Employees of a federal agency that Sen. Elizabeth Warren helped create gave the Massachusetts Democrat $13,000 for her campaign committee.
Employees of the U.S. Consumer Financial Protection Bureau (CFPB) also gave $20,000 to President Obama’s re-election campaign, and $10,000 to Democrat Hillary Clinton’s campaign.
“Right now, the bureau is a rogue agency that dishes out malicious financial policy and creates new rules and regulations at whim without real congressional oversight.”
A complete report of federal campaign contributions made by the bureau’s employees was obtained by LifeZette from Capitol Hill staff who wished to remain anonymous.
The report shows not a dime was given to any Republican campaigns or committees. It is not uncommon for political contributions from federal employees to go primarily to Democratic campaign coffers — but it is highly unusual for the donations from civil servants of an entire agency to go exclusively to one party.
The donations to Democrats go beyond political appointees who might leave during a change of administration and permeate through all ranks of the agency.
“The likelihood that the agency will remain highly Democratically partisan into the future seems very high,” the report says.
In other words, the bureau has long-term employees dedicated to a mission that is viewed as partisan and which Republican congressional leadership wants to abort. It isn’t surprising that the GOP wants the bureau completely abolished.
Federal employees are forbidden from engaging in on-the-clock political activity, but they are allowed to make donations to federal and state campaigns.
And the report shows the fledgling bureau is stocked with partisan Democrats eager to donate to Democratic lawmakers. The financial contributions prove that "personnel is policy" — that is, who you appoint and hire help you implement policy.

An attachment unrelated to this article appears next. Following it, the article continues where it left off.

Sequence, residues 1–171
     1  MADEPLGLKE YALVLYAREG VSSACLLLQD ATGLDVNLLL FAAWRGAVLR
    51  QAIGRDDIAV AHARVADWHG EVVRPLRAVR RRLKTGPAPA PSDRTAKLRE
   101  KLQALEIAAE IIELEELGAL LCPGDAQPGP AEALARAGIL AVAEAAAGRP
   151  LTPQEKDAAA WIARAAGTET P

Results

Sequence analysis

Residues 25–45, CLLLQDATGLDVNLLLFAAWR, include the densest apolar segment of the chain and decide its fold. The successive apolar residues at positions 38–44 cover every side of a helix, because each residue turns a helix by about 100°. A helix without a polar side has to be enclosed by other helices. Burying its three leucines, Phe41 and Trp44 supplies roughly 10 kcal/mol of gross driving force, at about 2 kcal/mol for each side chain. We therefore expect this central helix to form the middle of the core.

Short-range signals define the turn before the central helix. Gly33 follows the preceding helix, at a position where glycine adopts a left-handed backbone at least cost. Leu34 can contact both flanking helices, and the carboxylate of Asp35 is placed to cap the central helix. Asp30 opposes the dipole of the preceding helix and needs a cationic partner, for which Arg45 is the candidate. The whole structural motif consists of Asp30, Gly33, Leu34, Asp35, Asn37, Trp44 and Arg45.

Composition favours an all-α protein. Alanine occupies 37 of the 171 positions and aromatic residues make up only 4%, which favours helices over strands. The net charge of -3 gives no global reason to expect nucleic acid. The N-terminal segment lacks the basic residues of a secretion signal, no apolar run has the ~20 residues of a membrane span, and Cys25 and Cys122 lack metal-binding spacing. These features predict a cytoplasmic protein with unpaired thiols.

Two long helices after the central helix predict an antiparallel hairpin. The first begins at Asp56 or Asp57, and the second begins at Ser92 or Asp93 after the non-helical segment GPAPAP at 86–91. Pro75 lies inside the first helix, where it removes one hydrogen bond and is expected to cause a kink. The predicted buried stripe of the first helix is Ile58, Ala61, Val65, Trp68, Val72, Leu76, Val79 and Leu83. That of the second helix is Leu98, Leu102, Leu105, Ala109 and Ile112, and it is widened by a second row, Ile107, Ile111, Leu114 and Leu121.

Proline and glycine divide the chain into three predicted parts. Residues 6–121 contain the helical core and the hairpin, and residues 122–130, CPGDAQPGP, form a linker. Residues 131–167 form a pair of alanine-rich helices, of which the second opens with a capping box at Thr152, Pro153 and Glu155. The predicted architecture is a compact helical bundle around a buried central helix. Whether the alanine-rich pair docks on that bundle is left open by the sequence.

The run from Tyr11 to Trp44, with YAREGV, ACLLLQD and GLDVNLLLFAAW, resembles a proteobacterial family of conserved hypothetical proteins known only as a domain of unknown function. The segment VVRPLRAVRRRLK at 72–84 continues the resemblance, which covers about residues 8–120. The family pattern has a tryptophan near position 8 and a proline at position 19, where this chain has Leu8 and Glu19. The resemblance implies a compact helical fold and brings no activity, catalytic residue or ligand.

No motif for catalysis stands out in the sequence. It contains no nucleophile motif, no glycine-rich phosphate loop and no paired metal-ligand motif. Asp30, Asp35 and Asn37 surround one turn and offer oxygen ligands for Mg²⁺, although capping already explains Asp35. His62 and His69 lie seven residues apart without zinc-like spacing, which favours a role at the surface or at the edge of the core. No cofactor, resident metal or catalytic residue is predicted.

But they also help keep your campaign account well-oiled.
It's likely not surprising that the bureau is populated, seemingly exclusively, with Democrats. The bureau was founded with help from Warren following the Great Recession of 2007-2009. Warren advised President Obama on the Wall Street reform bill known as Dodd-Frank.
But the bureau is viewed by Republicans as an unaccountable body born of overreaching reform efforts.
One of the congressional leaders pushing to rein in the bureau is Sen. David Perdue, a Republican from Georgia.
“Senator Perdue has been working to bring the CFPB under congressional oversight and will continue working to bring more reforms to this unaccountable agency,” Caroline Vanvick, Perdue's spokeswoman, told LifeZette in an email.
Perdue says the Consumer Financial Protection Bureau was spawned from the "disastrous" Dodd-Frank financial regulation law.
The bureau, with its powers to make policy and rules, usurps congressional authority, Republicans believe.
"Right now, the CFPB is a rogue agency that dishes out malicious financial policy and creates new rules and regulations at whim without real congressional oversight," Perdue said last year when he introduced a bill to reform the agency. "The American people, through Congress, deserve a closer look at the CFPB and how its actions will impact consumers."
The bureau has numerous critics who say it makes consequential consumer financial policy — normally a congressional power.
The Taxpayers Protection Alliance says the bureau operates outside of the jurisdiction of Congress, which most federal agencies operate within, and continues to be appropriated taxpayer funds "without the proper congressional oversight."
And Republicans say the bureau forces businesses to spend an inordinate amount of time on paperwork. Some businesses have stopped offering certain financial services out of fear of the bureau.
Perdue may have his most important ally in President-Elect Donald Trump. Trump has suggested abolishing the bureau and reconfiguring or repealing Dodd-Frank.
On Wednesday, Trump's candidate for treasury secretary, Steve Mnuchin, told CNBC that Dodd-Frank prevents some banks from lending. He said the 2010 bill, which includes authorization for the bureau, is needlessly complicated and byzantine.
"The No. 1 priority is going to be to make sure banks lend," said Mnuchin.
Last Modified: December 1, 2016, 1:23 pm